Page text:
Diverse Perspectives & Advocacy

Why Travel Nursing is More Than Money

Jeri Ford, BSN, RN, CPN
August 13, 2021
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When you tell people you are a travel nurse, there are a few responses you get in return. 

“You must make bank!?”

“Wow, that money must be nice!”

“I bet your savings is huge.”

“So, your housing is totally paid for, right?”

What has always struck me about this is how far off I feel from these sentiments. As a traveler of 7 years, I can honestly say that increased pay is never my first thought when asked about my career as a travel nurse. 

My first thought is, what a fun life I have had!

Travel nursing is FAR more than the money. Here’s why:

The clinical experience you gain

I started travel nursing with only 1.5 years’ experience as a new nurse. Not only was I moving to a new city and a new hospital, but I was also joining the staff on their float team. As we all know, being a part of the float team means going to a new unit every single day. I was terrified! I was scared that I wouldn’t know anything, that I wasn’t experienced enough, and that I would drown. What I quickly learned is that you grow the most by being put in environments where you rely on yourself. This is true for all travel assignments. You see different ways of doing things, different policies that work and don’t work, multiple specialties, and gain skills beyond your wildest expectations. Even if you may have nice coworkers, you don’t have the crutch of long-time coworkers to help you for every task. I have seen both inpatient and the clinic side, NICU and PICU versus med-surg and step-down. After several assignments under your belt, your versatility and ability to learn quickly become highly valued traits when interviewing for your next permanent position.

Exploring new cities

Jeri Ford in the city

Living in eight different cities so far as a travel nurse has been one of the highlights of my life. The standard nursing schedule leaves you with four days off per week to explore your newfound city, and that alone makes travel nursing worth it. Every new city I would stalk Instagram, TikTok, Facebook travel groups, and Thrillist to make a long list of bars, restaurants, sight-seeing, and events to add to my bucket list for that city. Even if you don’t make it to every item on your list, you have so much fun checking them off. It is hard to describe how much fun it is to wake up on your days off and know there are limitless activities waiting for you to explore. I am now a go-to person when any of my friends or family want to visit a city I have lived in. From biking the Golden Gate bridge, to the best apple orchards in Michigan, to paddle boarding in the San Diego harbor, to hiking the Hollywood sign – travel nursing has given me memories that will last me a lifetime,all while getting paid to do so. 

The friendships you make

This is hands-down my favorite part of travel nursing. Some of the people I have met over the years are my absolute best friends now. If I had not taken the risk to start travel nursing, my life wouldn’t be nearly as full and beautiful as it is with them in my life. The thought of never having met these girls is unfathomable! Travel nurses tend to have adventure and wanderlust in common. You meet like-minded people with open schedules and the interest in adventure. You can surround yourself with people who say “yes” when you ask them on a last-minute Vegas trip. Even if you do not become best friends with every single person, you meet people from all over the country who you keep in touch with for future traveling, jobs, assignments, etc. Having these connections are not only wonderful personally, but also professionally. I have collaborated with many other nurses over the years with various projects all because I met them on an assignment. As a matter of fact, I am here writing this article for Trusted Health right now because of a travel nurse connection while working in San Francisco!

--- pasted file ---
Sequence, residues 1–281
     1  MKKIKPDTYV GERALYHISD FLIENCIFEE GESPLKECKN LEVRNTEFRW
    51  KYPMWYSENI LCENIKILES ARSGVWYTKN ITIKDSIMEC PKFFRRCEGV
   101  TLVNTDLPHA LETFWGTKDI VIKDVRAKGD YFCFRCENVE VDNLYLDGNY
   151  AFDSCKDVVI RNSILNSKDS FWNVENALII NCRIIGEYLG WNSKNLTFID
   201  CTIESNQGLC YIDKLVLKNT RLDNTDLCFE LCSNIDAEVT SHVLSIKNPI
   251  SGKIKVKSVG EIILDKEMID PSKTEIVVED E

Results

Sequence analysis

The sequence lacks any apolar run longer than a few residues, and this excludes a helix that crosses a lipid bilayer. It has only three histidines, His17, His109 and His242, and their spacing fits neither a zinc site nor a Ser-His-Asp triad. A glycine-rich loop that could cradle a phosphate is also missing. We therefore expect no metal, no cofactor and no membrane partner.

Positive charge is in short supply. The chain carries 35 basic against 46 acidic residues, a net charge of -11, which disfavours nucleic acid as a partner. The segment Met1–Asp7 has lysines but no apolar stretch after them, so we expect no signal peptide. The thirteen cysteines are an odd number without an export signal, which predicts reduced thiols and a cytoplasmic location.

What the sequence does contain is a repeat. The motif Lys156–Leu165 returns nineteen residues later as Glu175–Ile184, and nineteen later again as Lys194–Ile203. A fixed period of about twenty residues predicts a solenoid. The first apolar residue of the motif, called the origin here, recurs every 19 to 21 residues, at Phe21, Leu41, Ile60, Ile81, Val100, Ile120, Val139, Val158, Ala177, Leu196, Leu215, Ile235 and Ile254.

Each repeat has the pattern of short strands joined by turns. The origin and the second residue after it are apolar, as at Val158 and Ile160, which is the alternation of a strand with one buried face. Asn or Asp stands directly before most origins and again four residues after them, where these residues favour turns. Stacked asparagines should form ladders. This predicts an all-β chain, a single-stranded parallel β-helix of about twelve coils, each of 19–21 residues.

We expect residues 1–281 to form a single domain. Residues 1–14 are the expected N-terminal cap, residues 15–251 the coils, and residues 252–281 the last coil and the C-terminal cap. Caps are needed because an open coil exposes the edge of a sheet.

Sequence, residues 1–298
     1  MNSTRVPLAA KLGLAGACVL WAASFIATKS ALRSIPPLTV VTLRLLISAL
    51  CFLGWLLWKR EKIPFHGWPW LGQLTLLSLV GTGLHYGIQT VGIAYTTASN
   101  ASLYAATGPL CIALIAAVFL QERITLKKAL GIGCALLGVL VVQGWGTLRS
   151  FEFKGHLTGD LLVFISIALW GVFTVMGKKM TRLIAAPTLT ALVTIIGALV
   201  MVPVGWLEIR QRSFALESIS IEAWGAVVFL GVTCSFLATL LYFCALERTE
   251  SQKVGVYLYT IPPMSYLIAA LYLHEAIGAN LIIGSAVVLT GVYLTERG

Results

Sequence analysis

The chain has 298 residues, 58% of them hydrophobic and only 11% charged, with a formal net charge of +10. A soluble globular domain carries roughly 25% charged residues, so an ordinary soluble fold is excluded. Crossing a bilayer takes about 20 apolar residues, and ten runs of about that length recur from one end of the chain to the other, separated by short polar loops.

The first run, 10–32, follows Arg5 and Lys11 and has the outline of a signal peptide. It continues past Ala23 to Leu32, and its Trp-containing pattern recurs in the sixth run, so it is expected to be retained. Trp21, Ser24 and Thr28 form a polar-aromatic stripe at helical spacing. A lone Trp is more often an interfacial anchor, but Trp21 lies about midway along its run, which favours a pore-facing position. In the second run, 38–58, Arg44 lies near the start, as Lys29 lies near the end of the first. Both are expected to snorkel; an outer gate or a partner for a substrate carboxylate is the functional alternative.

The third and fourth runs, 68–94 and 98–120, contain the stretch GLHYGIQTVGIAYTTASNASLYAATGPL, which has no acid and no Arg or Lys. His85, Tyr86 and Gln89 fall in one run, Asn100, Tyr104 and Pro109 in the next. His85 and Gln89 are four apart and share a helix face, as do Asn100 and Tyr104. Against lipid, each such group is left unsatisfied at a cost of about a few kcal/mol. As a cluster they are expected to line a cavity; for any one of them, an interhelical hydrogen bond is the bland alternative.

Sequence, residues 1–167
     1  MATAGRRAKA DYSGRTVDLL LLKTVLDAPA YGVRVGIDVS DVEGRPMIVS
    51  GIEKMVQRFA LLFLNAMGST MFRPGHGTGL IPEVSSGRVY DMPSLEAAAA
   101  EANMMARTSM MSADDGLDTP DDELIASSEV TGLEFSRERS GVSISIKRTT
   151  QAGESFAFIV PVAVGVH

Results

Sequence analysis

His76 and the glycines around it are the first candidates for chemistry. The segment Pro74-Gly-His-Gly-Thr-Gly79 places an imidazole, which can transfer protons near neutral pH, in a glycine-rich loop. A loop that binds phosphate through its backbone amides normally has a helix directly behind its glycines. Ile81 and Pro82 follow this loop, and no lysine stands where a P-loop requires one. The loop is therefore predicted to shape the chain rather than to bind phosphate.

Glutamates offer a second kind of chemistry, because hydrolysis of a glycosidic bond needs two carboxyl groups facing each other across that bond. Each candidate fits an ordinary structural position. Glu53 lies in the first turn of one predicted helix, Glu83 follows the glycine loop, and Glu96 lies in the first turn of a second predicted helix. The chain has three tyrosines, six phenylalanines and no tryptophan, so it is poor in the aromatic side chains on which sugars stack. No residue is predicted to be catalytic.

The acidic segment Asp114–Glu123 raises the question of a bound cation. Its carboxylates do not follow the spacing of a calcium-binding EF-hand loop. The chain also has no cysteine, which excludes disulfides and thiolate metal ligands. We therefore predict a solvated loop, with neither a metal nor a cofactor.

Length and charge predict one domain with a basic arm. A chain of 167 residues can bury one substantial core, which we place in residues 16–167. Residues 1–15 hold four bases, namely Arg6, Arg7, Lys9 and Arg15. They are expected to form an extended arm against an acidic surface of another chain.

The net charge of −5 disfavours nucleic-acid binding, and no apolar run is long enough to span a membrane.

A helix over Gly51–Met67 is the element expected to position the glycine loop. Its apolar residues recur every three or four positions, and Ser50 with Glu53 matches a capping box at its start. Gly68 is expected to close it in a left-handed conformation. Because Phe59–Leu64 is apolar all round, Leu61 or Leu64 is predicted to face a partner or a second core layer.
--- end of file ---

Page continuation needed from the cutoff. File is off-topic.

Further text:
Extra time for wanderlust

Jeri Ford at the beach

What’s even better than a nursing schedule? You guessed it,a travel nurse schedule. The beauty of a travel nurse schedule is that you do not have to always get approval for a vacation. Want 4 weeks off with no questions asked? Plan your next assignment to have a start date of 4 weeks after the end of your last one. This has led me to some amazing adventures and traveling. You have extra time and money to explore far more than just the city you are in. Greece, Italy, Paris, Mexico, Costa Rica, Australia… the world is yours… and you don’t have a boss telling you “no”.  *Cue daydreaming music!*

Elevated mental health and independence

While travel nursing presents unique difficulties in the beginning of an assignment (where to live, pay, new hospital and rules, etc), once you are settled, your mental health improves. As mentioned before, my first assignment was a float pool job in Dallas, Texas. This girl went from never leaving Indiana to a new city, new people, new hospital, and new floor every single day. At times I look back and truly cannot believe how much bravery that took. After navigating these challenges alone, the overwhelming feeling of independence and success is remarkable. Not only do you learn independence, but you learn how to be alone. You will eventually meet friends, but there will still be many times you have to explore the city on your own. Knowing that I will be okay whether I am alone or with friends has been a huge personal growth for me. 

These are my top five reasons to travel as a nurse besides the money, but I could go on longer! Travel nursing truly impacts you more than you could ever prepare for. I hope this information leaves you more interested in travel nursing than ever. 

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